The travel is getting hard, though. Not physically, but because it's kept me from participating in other activities and events in my life. It has seemed like the races I've scheduled myself for just never seem to coincide or line up with other activities nearby that I would have loved to participate in.
The plan: My next race on the calendar just popped on there totally fortuitously. The biannual IBA InterNational Meet is once again being held in Denver CO the third week in August and I had booked my reservations months ahead to ensure I got in to this very popular and always sold-out-early event. My plan was to drive there but then I got to thinking, wondering if there would by any chance of a race in neighboring Wyoming the weekend before or the weekend after the event. I began researching the various race calendar websites and, lo and behold, there was a race in Casper WY, to be held the weekend leading up to the IBA Meet. Perfect!!
Because I had already booked a timeshare vacation in Santa Fe NM for the week following the IBA Meet, this meant a really, really long road trip and leaving the cat home alone for the longest stretch of time ever. But it would be a real shame not to take advantage of this opportunity and save myself the expense of yet another trip back to this part of the country just to complete a race in Wyoming.
So I began packing for the eclectic nature - and wildly divergent wardrobe requirements - of this trip, taking advantage of the fact I'd be making this trip in the car. Ahem... One trick I learned years ago, when taking long trips on my motorcycle, is that when I'm in transit and only staying the night in hotels along the way, I pack a separate, very small bag - a tote bag, really - containing only the things I'd need for the night. Traveling by car is no different for me. I had only the things I'd need each night, plus 2 days' clothes and my Samsung tablet in a small roller tote bag. This also included the running gear I'd need for race day. The rest of my two weeks' wardrobe needs stayed packed in my 21" wheeled suitcase and safely tucked out of site in the back of my SUV. The non-perishable dry goods that I brought along were packed in a tote bag and tucked in the back of the SUV as well.
The drive: Let's all be honest here. The drive from Houston to Raton sucks big time. To minimize the pain as much as possible, I broke it in half by leaving the house right after lunch and driving to Mineral Wells for the night, staying in a free room at a new Best Western, then continuing on to Colorado Springs CO for my next night's stop. Of course, once I got near Capulin, the road started to get interesting and stayed that way all the way into Colorado. A free room at Fairfield Inn awaited me and my last gas stop netted me a full gas tank and a Subway sandwich to enjoy in my room for dinner.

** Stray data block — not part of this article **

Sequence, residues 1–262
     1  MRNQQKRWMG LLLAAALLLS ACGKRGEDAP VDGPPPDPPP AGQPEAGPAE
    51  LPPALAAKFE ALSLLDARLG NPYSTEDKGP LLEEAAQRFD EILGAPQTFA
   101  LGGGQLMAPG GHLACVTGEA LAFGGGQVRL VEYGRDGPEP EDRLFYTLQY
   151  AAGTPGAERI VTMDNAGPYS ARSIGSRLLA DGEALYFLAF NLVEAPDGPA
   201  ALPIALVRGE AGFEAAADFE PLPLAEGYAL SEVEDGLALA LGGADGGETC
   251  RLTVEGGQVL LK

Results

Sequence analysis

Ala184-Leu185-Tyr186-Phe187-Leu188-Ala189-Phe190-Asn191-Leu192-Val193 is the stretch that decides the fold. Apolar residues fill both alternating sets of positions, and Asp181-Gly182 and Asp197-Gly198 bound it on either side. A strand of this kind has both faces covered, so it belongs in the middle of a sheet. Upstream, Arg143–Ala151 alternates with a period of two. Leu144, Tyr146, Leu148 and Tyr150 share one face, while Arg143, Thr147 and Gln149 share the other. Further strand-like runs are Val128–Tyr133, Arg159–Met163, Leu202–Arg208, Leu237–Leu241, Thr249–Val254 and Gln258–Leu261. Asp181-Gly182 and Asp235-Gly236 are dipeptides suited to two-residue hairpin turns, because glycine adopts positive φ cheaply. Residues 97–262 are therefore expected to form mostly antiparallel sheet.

Then it was on to Casper WY, a long, boring, but fast drive from Colorado.
The town: As soon as I got into Casper, I headed straight for the Boys & Girls Club where packet pickup for the race was being held. It's also where the start/finish line will be the next morning. This is my third Biggest Loser Half Marathon. The venues have all been so different from each other, and the level of participation, volunteer staffing, and organization have all been different as well. But the one thing they've all had in common is that they've been held in smaller communities.
Parking was easy - a good indicator for what it will be like race day morning - and the packet pickup tables positioned under canopies in the Boys/Girls Club parking lot were well-staffed and running like clockwork.
|No lines at packet pick-up|
|Nice little fitness expo, in the Boys/Girls Club parking lot|
My packet - race bib, t-shirt and their usual, very much appreciated, nylon backpack with zippered pocket - was now in my possession and I punched in "grocery store" into my GPS and let it lead me to the Safeway in town, where I picked up some bananas, a sub sandwich, and snack foods for my hotel room. Then I continued on to the Hilton Garden Inn and checked into my free room. I was pretty much "fried" at this point, having covered almost 1400 miles in two days' driving, and now I must get up early the next morning and run a half marathon!